There are various entities which, if they exist, would be candidates for necessary beings: God, propositions, relations, properties, states of affairs, possible worlds, and numbers, among others. Note that the first entity in this list is a concrete entity , while the rest are abstract entities. Many interesting philosophical questions arise when one inquires about necessary beings: What makes it the case that they exist necessarily? Is there a grounding for their necessary existence? Do some of them depend on others? (...) If so, how might one understand the dependence relation? (shrink)
Belief in propositions no longer brings about the sorts of looks it did when Quine's affinity for desert landscapes held sway in the Anglo-American philosophical scene. People are doing work in the metaphysics of propositions, trying to figure out what sorts of creatures propositions are. In philosophers like Frege, Russell, and Moore we have strong shoulders upon which to stand. But, there is much more work that needs to be done. I will try to do a bit of that work (...) here. In the paper, I will probe the notion that propositions are structured entities, and that it is useful to think of their structure as resembling the structure of the sentences which express them. First, I will speak briefly to the issue of why one might find it rational to believe that propositions exist. In the second part of the paper, I will argue that we should think of propositions as having structure. In the last section, I will examine the nature of the structure of propositions. I will consider a recent account given by Jeffrey King of the nature of the relation that unifies constituents. I conclude by sketching my own view of the relation that holds between propositional constituents in virtue of which they compose a proposition. 1 I Why Believe in Propositions? Propositions are taken to be abstract entities that are a) the primary bearers of truth and falsity, b) the objects of our propositional attitudes, and c) the referents of "that-. (shrink)
Roderick M. Chisholm (1916-1999) was one of the most important philosophical thinkers of the 20th century. His influence on epistemology (the theory of knowledge) and metaphysics cannot be understated; indeed, it is difficult to conceive of what these fields would be like today without the impact of Chisholm. Were there a Nobel Prize in philosophy, Chisholm surely would have won it.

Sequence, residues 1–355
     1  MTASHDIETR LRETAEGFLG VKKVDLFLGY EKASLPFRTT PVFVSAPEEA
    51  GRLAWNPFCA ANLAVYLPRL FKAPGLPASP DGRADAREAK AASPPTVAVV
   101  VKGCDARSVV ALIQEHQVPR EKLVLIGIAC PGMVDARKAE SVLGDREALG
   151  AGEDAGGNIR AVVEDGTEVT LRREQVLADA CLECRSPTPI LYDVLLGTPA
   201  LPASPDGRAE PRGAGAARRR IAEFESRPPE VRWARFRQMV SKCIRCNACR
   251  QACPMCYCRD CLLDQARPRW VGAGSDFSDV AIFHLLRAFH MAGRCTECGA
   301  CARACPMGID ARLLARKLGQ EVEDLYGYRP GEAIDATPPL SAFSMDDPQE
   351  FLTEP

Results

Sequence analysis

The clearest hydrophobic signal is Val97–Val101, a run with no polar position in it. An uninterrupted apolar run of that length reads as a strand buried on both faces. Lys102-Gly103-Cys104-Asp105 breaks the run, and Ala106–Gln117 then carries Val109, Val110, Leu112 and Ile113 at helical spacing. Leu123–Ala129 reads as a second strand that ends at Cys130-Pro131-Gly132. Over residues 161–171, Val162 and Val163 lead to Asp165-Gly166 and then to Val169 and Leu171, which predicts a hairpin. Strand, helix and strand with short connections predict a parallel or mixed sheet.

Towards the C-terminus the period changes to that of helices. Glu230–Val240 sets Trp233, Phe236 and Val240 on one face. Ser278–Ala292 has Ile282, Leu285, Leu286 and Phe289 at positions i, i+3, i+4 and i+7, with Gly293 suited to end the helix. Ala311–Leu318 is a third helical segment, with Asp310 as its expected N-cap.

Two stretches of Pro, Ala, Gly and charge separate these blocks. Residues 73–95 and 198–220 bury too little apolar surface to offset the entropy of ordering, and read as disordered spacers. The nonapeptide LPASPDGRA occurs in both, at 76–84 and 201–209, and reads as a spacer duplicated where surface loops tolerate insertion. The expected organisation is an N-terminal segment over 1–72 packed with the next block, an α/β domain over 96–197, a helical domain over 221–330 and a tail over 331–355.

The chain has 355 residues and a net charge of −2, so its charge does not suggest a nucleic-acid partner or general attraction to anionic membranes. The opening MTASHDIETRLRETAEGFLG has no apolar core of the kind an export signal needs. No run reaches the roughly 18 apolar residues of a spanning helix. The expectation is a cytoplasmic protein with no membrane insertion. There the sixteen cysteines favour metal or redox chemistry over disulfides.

metaphysics of modality. So, we read David Kaplan in 1967: I'll even let you peep through my Jules Verne-o-scope [into another possible world G]. Carefully examine each individual, check his fingerprints, etc. The problem is: which one is our Bobby Dylan—of course he may be somewhat changed, just as he will be in our world in a few years…Our problem is [to] locate him in G (if he exists there). The task of locating individuals in other worlds is the problem (...) of determining transworld heir lines. I will flatly assert that this problem is the central problem of philosophical interest in the development of intensional logic. The clearest statements of the "problem" came from those who thought that, ultimately. (shrink)
For the past 30 years, Alvin Plantinga's work in the metaphysics of modality has been both insightful and innovative; it is high time that his papers in this area be collected together in a single volume. This book contains 11 pieces of Plantinga's work in modal metaphysics, arranged in chronological order so one can trace the development of his thought on matters modal. In what follows I will lay out the principal concepts and arguments in these papers.
In this paper I argue that presentism has a problem accounting forthe truth of statements whose truth conditions seem to require therebe relations that hold between present and non-present objects. Imotivate the problem and then examine several strategies for dealingwith the problem. I argue that no solution is forthcoming, and thispresents a prima facie problem for presentism.
Most direct reference theorists about indexicals and proper names have adopted the thesis that singular propositions about physical objects are composed of physical objects and properties (and/or relations—I will use "properties" for brevity's sake).1 There have been a number of recent proponents of such a view, including Scott Soames, Nathan Salmon, John Perry, Howard Wettstein, and David Kaplan.2 Since Kaplan is the individual who (at least recently) is best known for holding such a view, let's call a proposition that (...) is composed of objects and properties a K-proposition. In this paper, I will attempt to show that (given some fairly plausible assumptions) a direct reference view about the content of proper names and indexicals leads very naturally to the position that all singular propositions about physical objects are K-propositions.3 Then, I will attempt to show that this view of propositions is false. I will spend the bulk of the paper on this latter task. My goal in the paper, then, is to show that adopting the direct reference thesis comes at a cost (or for those who thought it already came at a cost because of (alleged) problems the view has with problems such as opacity and the significance of some identity statements; it comes at even more of a cost). (shrink)